Spring: sowing and planting into surface compost outside, by Charles Dowding

Jeremie Litzler
  • Permaculture
  • Gardening
  • Charles Dowding
  • No Dig
  • Spring
About 2 min

When spring comes, it’s time to sow and plant your new crops.

Thanks to Charles Dowding for sharing his wisdom and knowledge! I wrote the following notes watching the video published on Charles Dowding’s channel. You can watch it using this YouTube linkopen in new window.

Before you sow

You have applied compost on your beds with compost in the beginning of the past winter.

Now, before you sow your seeds, use a rake to break up the remaining lumps of compost to create a nice smooth surface.

Use your feet to break any lumps. Walking on a compost bed is fine because it needs to be firm and you can’t compact compost by walking on it.

Sowing carrots with radish

Draw lines with a wood stick (if you don’t own a triangular hoeopen in new window).

Make them not too deep (about 3-4 cm).

Sowing in compost is absolutely fine, unlike some may say.

Radish tip

If you sow your radishes with your carrots, you will know where the carrots are. The first sprout very quickly while the latter take more time to come up.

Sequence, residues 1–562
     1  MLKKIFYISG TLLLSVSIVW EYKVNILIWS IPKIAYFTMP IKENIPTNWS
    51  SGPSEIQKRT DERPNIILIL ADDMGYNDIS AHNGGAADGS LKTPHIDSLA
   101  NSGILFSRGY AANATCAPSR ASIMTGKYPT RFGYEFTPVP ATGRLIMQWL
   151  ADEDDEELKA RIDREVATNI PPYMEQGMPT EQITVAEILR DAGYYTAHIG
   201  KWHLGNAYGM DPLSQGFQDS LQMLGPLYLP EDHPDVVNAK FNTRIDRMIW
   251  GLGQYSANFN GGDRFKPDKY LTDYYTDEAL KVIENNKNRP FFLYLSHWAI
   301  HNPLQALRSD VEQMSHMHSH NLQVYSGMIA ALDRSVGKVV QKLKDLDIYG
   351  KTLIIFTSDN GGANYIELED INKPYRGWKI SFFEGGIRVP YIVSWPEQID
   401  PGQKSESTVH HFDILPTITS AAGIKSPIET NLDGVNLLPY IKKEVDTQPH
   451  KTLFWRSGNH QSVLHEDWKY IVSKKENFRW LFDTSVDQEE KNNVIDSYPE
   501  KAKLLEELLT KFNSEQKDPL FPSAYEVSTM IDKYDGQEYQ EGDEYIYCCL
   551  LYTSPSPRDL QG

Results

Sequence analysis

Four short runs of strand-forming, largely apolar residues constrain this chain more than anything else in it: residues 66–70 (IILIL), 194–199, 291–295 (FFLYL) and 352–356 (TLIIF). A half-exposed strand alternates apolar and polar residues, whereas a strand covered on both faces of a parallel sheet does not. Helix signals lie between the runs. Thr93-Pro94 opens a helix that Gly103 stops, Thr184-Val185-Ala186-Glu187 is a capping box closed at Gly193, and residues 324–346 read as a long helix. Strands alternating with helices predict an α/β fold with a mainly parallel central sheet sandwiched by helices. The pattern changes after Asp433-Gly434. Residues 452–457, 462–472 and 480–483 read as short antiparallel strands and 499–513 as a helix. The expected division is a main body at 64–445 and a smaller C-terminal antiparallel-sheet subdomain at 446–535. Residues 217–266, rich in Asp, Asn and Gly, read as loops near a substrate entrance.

Finish the sowing with covering the lines drawn with compost and walk on the lines to firm the compost once again.

Planting seedlings grown in modules

The tool to perform the task is a spade handle which has a slightly pointed and round extremity that is perfect to make holes in the soil.

You can create your own with a tree branch or an old space handle.

The width of the handle or branch should be about the same as the modules you’re going to plant.

To plant lettuce, use a spacing of 25 cm so that you can let them grow big.

Charles picks up the outer leaves to eat for a long period of time. It provides a lot of food from the same plants.

When you plant the seedlings, set them deep so they’re sturdier.

Covering a bed with fleece

When it’s still early spring, you may need to install a fleece (a white cover to protect the plants from the cold).